We are curators. Each and every one of us who writes a blog, shares Instagram photos or posts to our Facebook wall is choosing what and when to publish. Nothing appears there by chance.

We control the content — every word, every image, every YouTube video, every comment that we allow on our social media sites.

And the result? More often than not, it’s an endless stream of feel-good moments and milestones.  We celebrate births and birthdays, weddings, graduations and milestones.

We share photos of where we’ve been, whom we were with, where we ate and what we ate.

Less often, we interrupt the bliss to write about a death of a family member or beloved pet, about the loss of a job or other personal setback.

Soon we’re back at it, posting images of sunsets and mountains, cocktails and casseroles.

So what?

So what if the curated version of our lives represents a selective scraping and molding of those experiences?

So what if that version offers a distorted representation of our daily lives, untethered to reality?

***

In a new and wise book, Portland writer Kate Carroll de Gutes cuts through the facade and delivers a bracing alternative to the happy-face fantasy.

the authenticity experimentThe result is a compelling, entertaining, inspiring collection of short pieces presented under the title “The Authenticity Experiment.”

It’s a slim volume of 166 pages of 47 posts, essays and blog entries — essentially the product of a 30-day challenge she gave herself during what she calls “the best and worst year of my life.”

Could she be more honest on social media following the deaths of her mother, her best friend and her editor-mentor, all occurring within a few months of each other? Could she share the duality of her life — both the light and the dark — in celebrating the praise lavished on her first book (“Objects In Mirror Are Closer Than They Appears’) as well as mourning the loss of loved ones?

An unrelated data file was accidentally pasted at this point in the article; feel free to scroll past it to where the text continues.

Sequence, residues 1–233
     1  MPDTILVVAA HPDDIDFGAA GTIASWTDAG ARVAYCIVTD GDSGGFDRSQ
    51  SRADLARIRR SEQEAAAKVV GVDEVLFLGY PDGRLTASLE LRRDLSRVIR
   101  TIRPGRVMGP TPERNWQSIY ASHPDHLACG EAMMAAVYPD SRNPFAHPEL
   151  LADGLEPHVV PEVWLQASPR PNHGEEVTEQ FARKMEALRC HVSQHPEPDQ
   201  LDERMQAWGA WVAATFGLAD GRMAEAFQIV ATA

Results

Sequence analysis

Yes, she could be and, yes, she was. Each page crackles with the authenticity of someone who has laid aside pretense and ego in favor of honesty and heartache. The essays undulate from sad to humorous, self-deprecating to self-reflective.

The chapters are organized by the season — essays published during the summer, fall, winter and spring — and the entries draw you in with such titles as “Dear Mom” and “Death Is Like This” and “Wiping Clean Regret.”

In a prologue to the book, Kate says:

“The essays you’ll find in this book are raw and filtered through my lens as I think on the page and try to understand the journey I’m on and how my own privilege and power plays a role in what I think about death, class, self-worth, perfectionism, and other topics we usually keep to ourselves.

“I don’t offer any answers, and I don’t always find my ways to conclusions, or to better thinking. It’s like hacking a path through the forest: you can’t always see where you’re doing, and you can’t always see how far you’ve come, but you know you’re on your way to somewhere.”

***

I loved the idea of the book and admired its execution. It felt especially real having just met the author just three weeks earlier.

I didn’t know of Kate or her work until a friend invited Lori and me to a book launch event in Northeast Portland.

Read the blog post New space, new author here.

Kate was charming and witty, and stuck around to autograph the many books she sold that night, including one to Lori. They connected over the fact that Kate had spent several years living in the North Beach neighborhood of Lori’s hometown, San Francisco.

Kate-Carroll-BW-Cropped-766x1024

Kate Carroll de Gutes is a Portland writer whose debut memoir, “Objects Closer in Mirror Are Closer Than They Appear,” won the 2016 Oregon Book Award for Creative Nonfiction and a 2016 Lambda Literary Award in Memoir.

I picked up the book on a quiet weekend at the Oregon Coast in early October, but didn’t finish it until sometime in November. I’ve mulled about it since then, wondering when to write about it and what to say.